that the Sun is the common Generator of all those insects
that are bred within the Earth; for there are not
onely Productions of Minerals and Vegetables, but also
of Animals in the Earth deeper then the Sun can reach,
and the heat of the Sun can pierce no further then cold
can, which is not above two yards from the surface of
the Earth, at least in our climate: But why may not
the Earth, without the help of the Sun, produce Animal
Creatures, as well as a piece of Cheese in a deep Cellar,
where neither the Sun nor his Beams enter? Truly,
I wonder men will confine all Productions to
one principal agent, and make the Sun the common
Generator of all or most living insects, and yet confess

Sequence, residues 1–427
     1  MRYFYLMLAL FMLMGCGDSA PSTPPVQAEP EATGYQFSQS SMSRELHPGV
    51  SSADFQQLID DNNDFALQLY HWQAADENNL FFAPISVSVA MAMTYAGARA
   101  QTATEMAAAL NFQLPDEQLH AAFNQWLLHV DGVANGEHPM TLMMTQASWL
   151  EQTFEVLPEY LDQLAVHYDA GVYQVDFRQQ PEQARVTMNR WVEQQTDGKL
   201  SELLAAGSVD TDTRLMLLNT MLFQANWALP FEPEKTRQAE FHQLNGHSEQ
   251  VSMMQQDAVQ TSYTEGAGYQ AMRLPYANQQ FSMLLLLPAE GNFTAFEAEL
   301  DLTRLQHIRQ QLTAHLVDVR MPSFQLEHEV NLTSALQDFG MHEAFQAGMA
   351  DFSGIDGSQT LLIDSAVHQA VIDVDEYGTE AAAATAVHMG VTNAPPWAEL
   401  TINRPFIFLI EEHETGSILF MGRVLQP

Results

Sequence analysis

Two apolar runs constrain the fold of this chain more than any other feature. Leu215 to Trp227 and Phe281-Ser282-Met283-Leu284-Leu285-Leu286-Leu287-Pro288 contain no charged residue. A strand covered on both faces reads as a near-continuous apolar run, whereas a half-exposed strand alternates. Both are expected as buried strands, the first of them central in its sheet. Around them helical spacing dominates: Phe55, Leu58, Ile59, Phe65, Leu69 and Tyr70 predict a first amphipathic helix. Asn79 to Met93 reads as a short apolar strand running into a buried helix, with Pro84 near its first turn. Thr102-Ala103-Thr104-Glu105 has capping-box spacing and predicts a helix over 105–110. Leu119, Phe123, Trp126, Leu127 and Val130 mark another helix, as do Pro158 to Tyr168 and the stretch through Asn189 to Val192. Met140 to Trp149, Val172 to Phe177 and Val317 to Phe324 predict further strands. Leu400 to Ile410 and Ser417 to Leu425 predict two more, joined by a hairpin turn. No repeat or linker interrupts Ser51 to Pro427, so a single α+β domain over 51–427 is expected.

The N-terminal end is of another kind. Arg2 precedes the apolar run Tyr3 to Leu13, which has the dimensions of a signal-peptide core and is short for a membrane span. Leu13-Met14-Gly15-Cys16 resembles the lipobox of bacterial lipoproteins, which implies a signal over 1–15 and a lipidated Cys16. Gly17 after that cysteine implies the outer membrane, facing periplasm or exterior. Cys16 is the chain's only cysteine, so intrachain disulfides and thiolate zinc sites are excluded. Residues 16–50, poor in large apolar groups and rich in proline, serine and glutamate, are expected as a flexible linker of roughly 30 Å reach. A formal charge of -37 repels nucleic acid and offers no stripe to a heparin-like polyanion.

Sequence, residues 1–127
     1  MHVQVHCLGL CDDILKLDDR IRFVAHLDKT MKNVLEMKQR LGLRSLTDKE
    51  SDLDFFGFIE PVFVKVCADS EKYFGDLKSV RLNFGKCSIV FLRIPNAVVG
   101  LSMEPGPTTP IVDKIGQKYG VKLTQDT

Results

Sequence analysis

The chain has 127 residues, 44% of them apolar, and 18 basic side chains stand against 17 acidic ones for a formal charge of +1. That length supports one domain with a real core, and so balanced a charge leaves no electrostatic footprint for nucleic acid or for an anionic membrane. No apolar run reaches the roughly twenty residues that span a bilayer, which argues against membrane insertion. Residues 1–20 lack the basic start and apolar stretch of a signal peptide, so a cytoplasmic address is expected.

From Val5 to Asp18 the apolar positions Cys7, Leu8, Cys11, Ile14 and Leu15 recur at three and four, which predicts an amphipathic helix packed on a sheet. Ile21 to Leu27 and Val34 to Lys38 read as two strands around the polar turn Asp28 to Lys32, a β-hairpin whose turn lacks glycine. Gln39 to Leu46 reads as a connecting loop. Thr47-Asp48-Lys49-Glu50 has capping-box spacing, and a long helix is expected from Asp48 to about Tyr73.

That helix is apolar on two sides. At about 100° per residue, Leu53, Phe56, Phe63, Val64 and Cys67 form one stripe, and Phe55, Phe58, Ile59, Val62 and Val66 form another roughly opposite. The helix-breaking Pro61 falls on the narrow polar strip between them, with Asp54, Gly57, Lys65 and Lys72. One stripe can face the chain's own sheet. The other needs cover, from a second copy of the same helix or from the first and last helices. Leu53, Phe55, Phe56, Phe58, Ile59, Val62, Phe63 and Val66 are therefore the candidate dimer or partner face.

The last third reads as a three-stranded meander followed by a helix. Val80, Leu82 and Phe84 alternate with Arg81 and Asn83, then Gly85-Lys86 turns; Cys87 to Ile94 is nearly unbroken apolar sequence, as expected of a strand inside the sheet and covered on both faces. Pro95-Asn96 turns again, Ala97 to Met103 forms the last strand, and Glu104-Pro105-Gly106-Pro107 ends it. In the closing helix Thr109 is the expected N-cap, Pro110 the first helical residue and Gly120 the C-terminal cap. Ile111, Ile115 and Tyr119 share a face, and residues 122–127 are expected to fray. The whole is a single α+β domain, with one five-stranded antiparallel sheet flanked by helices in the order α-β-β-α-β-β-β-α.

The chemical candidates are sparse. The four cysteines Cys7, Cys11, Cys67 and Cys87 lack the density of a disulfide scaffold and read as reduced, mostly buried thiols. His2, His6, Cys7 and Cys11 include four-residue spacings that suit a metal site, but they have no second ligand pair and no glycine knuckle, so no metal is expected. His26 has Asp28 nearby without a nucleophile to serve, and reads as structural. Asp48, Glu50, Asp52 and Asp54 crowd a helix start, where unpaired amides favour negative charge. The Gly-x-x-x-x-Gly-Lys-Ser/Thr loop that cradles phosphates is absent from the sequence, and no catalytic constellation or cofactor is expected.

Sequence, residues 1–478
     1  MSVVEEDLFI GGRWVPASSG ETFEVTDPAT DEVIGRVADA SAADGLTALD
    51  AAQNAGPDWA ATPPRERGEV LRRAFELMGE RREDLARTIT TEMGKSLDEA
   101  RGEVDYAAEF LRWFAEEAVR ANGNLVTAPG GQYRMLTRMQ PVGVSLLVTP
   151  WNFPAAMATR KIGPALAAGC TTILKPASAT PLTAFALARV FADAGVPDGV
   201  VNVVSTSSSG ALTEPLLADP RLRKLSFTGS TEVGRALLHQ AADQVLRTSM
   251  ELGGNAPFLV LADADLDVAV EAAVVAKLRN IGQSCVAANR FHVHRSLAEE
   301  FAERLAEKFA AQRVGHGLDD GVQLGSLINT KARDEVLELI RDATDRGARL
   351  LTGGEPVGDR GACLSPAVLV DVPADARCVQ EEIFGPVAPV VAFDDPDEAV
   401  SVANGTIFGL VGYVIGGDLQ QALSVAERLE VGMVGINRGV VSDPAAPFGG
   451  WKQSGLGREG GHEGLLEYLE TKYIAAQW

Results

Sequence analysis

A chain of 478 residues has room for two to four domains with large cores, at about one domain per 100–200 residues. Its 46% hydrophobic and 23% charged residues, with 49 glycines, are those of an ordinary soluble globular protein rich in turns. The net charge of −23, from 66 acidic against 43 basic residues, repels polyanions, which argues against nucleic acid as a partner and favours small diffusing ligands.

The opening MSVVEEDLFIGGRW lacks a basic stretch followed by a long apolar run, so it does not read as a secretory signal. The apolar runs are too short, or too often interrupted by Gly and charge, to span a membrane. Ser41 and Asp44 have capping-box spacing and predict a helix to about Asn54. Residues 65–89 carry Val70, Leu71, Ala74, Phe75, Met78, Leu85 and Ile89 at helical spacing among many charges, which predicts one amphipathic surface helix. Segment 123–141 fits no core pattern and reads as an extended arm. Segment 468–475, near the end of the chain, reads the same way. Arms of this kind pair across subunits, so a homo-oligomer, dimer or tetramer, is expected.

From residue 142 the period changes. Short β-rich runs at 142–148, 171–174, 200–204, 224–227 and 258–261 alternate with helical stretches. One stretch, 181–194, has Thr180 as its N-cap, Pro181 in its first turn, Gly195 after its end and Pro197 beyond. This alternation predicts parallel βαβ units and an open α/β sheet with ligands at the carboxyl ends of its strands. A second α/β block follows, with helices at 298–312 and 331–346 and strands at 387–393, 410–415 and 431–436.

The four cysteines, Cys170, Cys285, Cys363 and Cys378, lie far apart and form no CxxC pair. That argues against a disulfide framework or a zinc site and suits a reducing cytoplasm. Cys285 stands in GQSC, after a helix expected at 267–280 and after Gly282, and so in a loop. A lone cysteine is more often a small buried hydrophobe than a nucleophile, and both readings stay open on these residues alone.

that Nature is so full of variety, and that the Generations
and Productions of insects are so various, as not
onely the same kind of Creature may be produced from several L2r 39
several kinds of ways, but the very same Creature
may produce several kinds. Nevertheless, I believe
that natural Creatures are more numerously and variously
produced by dissolution of particulars by the way
of Metamorphosing, then by a continued propagation
of their own species by the way of translation of parts;
and that Nature hath many more ways of Productions,
then by seeds or seminal Principles, even in Vegetables,
witness the Generation or Production of Moss, and the
like Vegetables that grow on Stones, Walls, dead Animals
sculls, tops of houses, &c. so that he who doth
confine Nature but to one way of acting or moving,
had better to deprive her of all motion, for Nature being
Infinite, has also infinite ways of acting in her particulars.
Some are of opinion, that the seed of
Moss being exceeding small and light, is taken up, and
carried to and fro in the air into every place, and by
the falling drops of rain, is wash’d down out of it, and